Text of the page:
The proposed research addresses the question of how perceptual organization interfaces with attentional selection in the visual system. While these questions are frequently considered separate, we believe that they are closely connected and may in fact share a common neural substrate. We propose that the neuronal mechanisms of figure-ground organization, that is, the neural representation of the borders of a visual object, relies on neuronal circuitry that is also used to represent whether these objects are attended or not. We will study single cell activity with multiple electrodes in extrastriate cortex. These data will be used to constrain large-scale detailed models of the underlying neuronal circuitry.
Three specific aims will be pursued.
The first Aim i s to model the mechanisms of attention-independent figure-ground organization in cortical area V2. In previous work, we have developed a model of figure-ground segregration that explains mechanisms underlying border ownership selectivity. The model can only explain changes in mean firing rates. The new model will be based on a model of single neurons that includes spiking and will thus be able to model amplitude and time course of the border ownership signals as well as pairwise spike train correlation between neurons.
The second Aim i s to study short-term memory for figure-ground structure. We will perform multiple simultaneous single-unit recordings in area V2 to characterize the recently observed hysteresis effects in border ownership coding. We will also record in higher extrastriate areas (V3 and V4) since the fast time course of border ownership selectivity makes it likely that it is imparted by connections through the white matter.These electrophysiological recordings will be complemented with the development of a model of persistence and hysteresis of border ownership signals. We will expand the spiking neural network model by introducing more complex single-neuron models that can explain the mechanisms underlying the hysteresis effects.
The third Aim i s to study how selective attention interacts with mechanisms of figure-ground organization and feature binding. We suggest that the selectivity to side of foreground figure observed in extrastriate cortex arises from a recurrent bias from grouping cells, and that the latter are also used to attentively select the figure. We will record from single cells and pairs of cells in extrastriate area V2 and study the influence of selective attention on border ownership selectivity.These recordings will be combined with a model of the interaction of top-down selective attention with figure ground organization. We will expand the spiking neural network model developed under Aim 1 to include selective attention. The model will explain rate effects and pairwise correlation functions under a variation of binding conditions and attentional states. The proposed research will contribute to our understanding of some of the most fundamental mechanisms of primate vision which is of importance for understanding both normal and impaired vision in humans. The insight gained from this project will contribute to the understanding of the neural basis of cognitive disorders such as dyslexia and hemi-neglect.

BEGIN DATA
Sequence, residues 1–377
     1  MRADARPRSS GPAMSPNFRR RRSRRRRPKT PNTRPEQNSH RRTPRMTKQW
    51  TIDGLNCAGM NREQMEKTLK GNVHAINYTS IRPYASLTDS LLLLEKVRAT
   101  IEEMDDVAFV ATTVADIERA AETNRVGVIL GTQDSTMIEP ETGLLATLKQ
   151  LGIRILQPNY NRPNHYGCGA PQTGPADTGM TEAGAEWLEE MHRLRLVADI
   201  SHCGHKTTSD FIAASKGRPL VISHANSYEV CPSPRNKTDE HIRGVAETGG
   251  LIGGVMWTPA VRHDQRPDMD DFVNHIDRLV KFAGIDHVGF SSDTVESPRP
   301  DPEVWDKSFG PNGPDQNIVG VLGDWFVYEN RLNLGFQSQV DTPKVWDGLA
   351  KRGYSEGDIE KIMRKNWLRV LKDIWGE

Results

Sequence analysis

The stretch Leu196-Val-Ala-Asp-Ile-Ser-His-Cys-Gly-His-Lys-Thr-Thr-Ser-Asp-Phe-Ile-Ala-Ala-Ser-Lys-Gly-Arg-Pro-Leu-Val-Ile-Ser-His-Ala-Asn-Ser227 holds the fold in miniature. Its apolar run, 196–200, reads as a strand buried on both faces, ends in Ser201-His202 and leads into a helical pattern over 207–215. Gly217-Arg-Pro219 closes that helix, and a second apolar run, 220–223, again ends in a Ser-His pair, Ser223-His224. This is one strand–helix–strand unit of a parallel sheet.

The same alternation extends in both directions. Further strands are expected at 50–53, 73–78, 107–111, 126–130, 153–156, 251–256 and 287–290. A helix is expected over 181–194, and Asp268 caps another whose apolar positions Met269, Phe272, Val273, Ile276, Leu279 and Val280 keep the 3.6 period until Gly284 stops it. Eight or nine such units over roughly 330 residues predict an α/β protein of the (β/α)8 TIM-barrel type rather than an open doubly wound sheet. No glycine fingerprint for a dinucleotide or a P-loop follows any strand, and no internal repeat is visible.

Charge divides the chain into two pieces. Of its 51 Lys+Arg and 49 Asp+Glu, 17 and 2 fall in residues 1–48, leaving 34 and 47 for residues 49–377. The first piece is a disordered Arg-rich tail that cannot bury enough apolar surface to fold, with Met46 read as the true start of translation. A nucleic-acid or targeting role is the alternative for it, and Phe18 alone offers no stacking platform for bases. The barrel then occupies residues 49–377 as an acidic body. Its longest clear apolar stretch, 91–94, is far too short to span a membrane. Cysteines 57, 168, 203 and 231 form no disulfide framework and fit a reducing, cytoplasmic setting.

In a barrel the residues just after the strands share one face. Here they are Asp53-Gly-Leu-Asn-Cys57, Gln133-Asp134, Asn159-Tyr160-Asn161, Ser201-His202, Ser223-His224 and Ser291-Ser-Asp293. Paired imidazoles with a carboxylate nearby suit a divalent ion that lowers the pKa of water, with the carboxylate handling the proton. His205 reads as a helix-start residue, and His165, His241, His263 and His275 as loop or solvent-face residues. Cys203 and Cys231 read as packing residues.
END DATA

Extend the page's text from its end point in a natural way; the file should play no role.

It appears to us that seeing is easy. In reality, it is a very complex process, as can be seen by the fact that no computer has a performance in artificial vision comparable to even simple animals. The goal of the proposed research is to understand how a visual scene is dissected into visual objects, and how these visual objects are attentively selected for more detailed processing. Deficiencies in attentional selection are present in many neurological diseases, e.g. hemineglect, and elucidating how selective attention works with image understanding will be important for understanding the mechanisms underlying these diseases.
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